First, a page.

• Restricting user privileges: The SCADA operator’s user account could execute and install untrusted (attackers’) code through explicit or unrestricted permissions.  Such permissions are typically only provided to local workstation administrators
  • Anti-malware defenses: The malware was not detected by host anti-virus software, which is likely due to signature-based method of most anti-virus software today.
  • File integrity monitoring: The endpoint protection software also did not detect that the malware made modifications to the Windows Notepad application to inject a malicious backdoor.
  • System patching and updates: The malware contained a module designed to exploit a denial-of-service vulnerability in Siemens SIPROTEC devices that was discovered in 2015. If executed, a network intrusion detection and/or prevention system (IDS/IPS) configured with the corresponding signature would have triggered an alarm and potentially prevented a subset of the attack.
  • Network intrusion detection and prevention: The malware was not detected by network-based intrusion detection systems as it performed a network system and port scan across the control system network.

It is easy to play the armchair critic, and second guess the security implementation of Ukrainian power plants. Nonetheless, it is a reality that even when good security controls are fully implemented, in any environment, controls can fail or be disabled temporarily when operational demands take precedence.  This incident serves as an example of why a defense-in-depth strategy, with overlapping and complimentary layers of security, is critical to ensuring that the organization is more secure and better prepared in the event of an attack.  Such an approach requires blending preventative controls, which could interrupt steps (1) and (2) of the kill chain, with detective controls, which might have identified the intrusion during steps (3) thorough (8).  When combined with a strong incident response capability, this blend of preventative and detective controls can enable you to minimize the likelihood of an intrusion, identify active intrusions, and respond to security events in a coordinated and impactful manner.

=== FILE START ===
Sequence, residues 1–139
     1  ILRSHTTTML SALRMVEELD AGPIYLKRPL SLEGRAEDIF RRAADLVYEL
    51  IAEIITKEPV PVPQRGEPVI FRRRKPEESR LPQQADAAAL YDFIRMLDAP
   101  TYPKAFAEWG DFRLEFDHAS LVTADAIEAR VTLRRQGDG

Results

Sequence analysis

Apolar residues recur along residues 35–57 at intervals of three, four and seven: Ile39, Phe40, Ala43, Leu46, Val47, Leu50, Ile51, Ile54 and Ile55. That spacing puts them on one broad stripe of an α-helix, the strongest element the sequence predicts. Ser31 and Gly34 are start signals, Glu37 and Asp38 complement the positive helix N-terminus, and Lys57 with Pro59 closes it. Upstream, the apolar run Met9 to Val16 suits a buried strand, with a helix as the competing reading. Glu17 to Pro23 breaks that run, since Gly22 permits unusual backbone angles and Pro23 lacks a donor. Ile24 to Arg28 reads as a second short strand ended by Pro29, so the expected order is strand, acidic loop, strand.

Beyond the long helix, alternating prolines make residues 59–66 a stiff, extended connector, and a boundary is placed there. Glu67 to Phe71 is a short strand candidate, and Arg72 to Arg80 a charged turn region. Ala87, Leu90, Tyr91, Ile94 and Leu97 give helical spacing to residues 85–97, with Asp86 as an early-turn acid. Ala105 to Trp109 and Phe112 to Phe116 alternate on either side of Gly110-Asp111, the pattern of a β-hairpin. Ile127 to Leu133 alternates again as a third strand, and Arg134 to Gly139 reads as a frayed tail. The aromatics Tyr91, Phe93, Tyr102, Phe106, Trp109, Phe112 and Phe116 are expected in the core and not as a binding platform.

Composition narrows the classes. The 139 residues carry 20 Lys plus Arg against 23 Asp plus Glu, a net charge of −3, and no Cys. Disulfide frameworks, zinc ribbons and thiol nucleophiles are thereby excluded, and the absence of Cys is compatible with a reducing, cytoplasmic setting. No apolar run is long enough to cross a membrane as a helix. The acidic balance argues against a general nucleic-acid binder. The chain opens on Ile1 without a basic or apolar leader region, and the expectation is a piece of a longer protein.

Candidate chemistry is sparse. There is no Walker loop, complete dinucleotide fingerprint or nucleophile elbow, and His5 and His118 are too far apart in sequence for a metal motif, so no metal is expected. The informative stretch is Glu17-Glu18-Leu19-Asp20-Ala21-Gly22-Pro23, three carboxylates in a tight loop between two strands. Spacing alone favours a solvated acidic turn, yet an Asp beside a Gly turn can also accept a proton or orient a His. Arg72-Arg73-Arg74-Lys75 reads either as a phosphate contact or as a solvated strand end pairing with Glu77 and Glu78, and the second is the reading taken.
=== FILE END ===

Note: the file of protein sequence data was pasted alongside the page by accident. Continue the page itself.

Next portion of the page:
If you’d like to speak to one of our Cybersecurity specialists to discuss how malware attacks may affect your organization, reach out to one of our security team members:

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2 Comments

  • Clay Campbell June 20, 2017 1:37 pm

    Hailing from a wastewater utility industry where malware penetration of our ICS (and more specifically SCADA) is a constant concern, this was a well-written article highlighting the risks posed and versatility of the attach vector demonstrated by this example. Great recommendations for utility-cybersecurity best practices!

  • Joshua Holmes June 21, 2017 11:12 am

    Thanks Clay. We now have some evidence to show how easy it’s becoming for malicious actors to attack ICS systems. The age-old mentality of “security through obscurity” or believing SCADA networks are secure because it’s a “closed” system will no longer be a suitable defense in not applying proper security controls.